Hope can be thought of as the life inside you that gives energy to your highest potential and accelerates you forward through struggle. Even if you feel like you’re flailing through the pre-dawn sky like an eaglet pushed out of the nest too soon, hope swoops in to give you wings.  It is the emotion of your highest self, your ‘inner parent’ that guides you calmly, gently, and joyfully through the journey of recovery. 

It’s been shown scientifically that those who have hope also have the greatest chance for success in meeting their goals. In her summary of Dr. Jerome Groopman’s book The Anatomy of Hope, psychologist Dr. Suzanne Phillips says

“Groopman illuminates the way in which belief and expectation, cardinal components of hope, can block pain by releasing the brain’s endorphin and enkephalins — the body’s own version of morphine.”

Dr. Suzanne Phillips

The Science of Hope  

What is Hope Made of?

C.R. Snyder was the first to propose that hope has its own unique makeup and is much different than mere wishing. In  ‘Hope Theory:  Rainbows in the Mind‘ he highlighted how hope includes belief, motivation, a strategy to move you forward, and taking thoughtful action steps. Let’s take a look at some of the details behind these elements of hope. 

Genuine Interest in Change

The revelations Snyder had about hope first began when some of the people in one of his earlier studies on ‘making excuses’ explained after the research ended, they were motivated to find ways to achieve their positive goals. That’s when he first realized that hope was  “the other side of the coin”  of excuse-making. His new research on hope showed that it comes from the ‘thinking’ part of your brain, rather than from your emotional centers. 

Some people who meditate call this “the observer” mind, and it’s the part of you that’s curious about how to live a better life.  Hope is actually the foundation stone for quitting drugs and alcohol because it gives you the ability to think objectively about your life and then make the personal decision to change.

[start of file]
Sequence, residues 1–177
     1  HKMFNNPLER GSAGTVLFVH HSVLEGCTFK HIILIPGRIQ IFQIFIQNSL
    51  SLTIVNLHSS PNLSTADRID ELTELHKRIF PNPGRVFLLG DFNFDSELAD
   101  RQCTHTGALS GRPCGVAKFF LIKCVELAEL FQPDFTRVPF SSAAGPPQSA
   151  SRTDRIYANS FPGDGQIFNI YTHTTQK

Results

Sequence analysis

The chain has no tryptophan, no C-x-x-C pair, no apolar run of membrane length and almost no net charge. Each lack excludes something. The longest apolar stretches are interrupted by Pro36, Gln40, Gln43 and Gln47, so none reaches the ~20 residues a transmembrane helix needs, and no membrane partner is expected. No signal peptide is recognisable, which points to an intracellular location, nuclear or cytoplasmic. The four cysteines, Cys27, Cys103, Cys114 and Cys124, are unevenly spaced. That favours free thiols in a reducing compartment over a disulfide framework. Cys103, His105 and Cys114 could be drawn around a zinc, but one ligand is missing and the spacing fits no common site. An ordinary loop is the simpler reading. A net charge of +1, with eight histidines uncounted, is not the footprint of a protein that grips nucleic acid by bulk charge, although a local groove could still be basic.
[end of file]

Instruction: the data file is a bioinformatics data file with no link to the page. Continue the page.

The Belief that You Can Change

In ‘How Do I Know If I’m Ready for Addiction Treatment‘ we learn that people with no hope at all will say “I’m not the problem, you’re the problem”. They are still making excuses.  The most hopeful folks come with a much different attitude of  “I don’t care where we go, I just know I need help today.” They have a belief that things will get better, and they understand that they need help to make their future brighter.

While most people fall somewhere in the middle of this hope spectrum, only those who believe they can change are able to move into sobriety.  They have harnessed two of the magic ingredients inherent in hope: motivation to do the work and recognizing that they need assistance to restructure their life.

Finding Pathways to Achieving Your Goals

While belief and a willingness to change are two very important aspects of hope, finding a structured way forward is one of the main ways that hope differs from mere dreaming. That’s why hope is such an important part of addiction recovery.  What we know from years of treating addiction in our Traditional and Christian programs is that sobriety requires more than just self-belief and a decision to set aside alcohol and drugs.  Many people who struggle with addiction have experienced trauma, mental health issues, and unhealthy environments that feed their addiction.